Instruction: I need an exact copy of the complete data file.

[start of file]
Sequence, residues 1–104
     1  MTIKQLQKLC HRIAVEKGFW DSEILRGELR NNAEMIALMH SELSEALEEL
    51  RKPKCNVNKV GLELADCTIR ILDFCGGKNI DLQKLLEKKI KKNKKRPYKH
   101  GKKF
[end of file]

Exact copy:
Sequence, residues 1–104
     1  MTIKQLQKLC HRIAVEKGFW DSEILRGELR NNAEMIALMH SELSEALEEL
    51  RKPKCNVNKV GLELADCTIR ILDFCGGKNI DLQKLLEKKI KKNKKRPYKH
   101  GKKF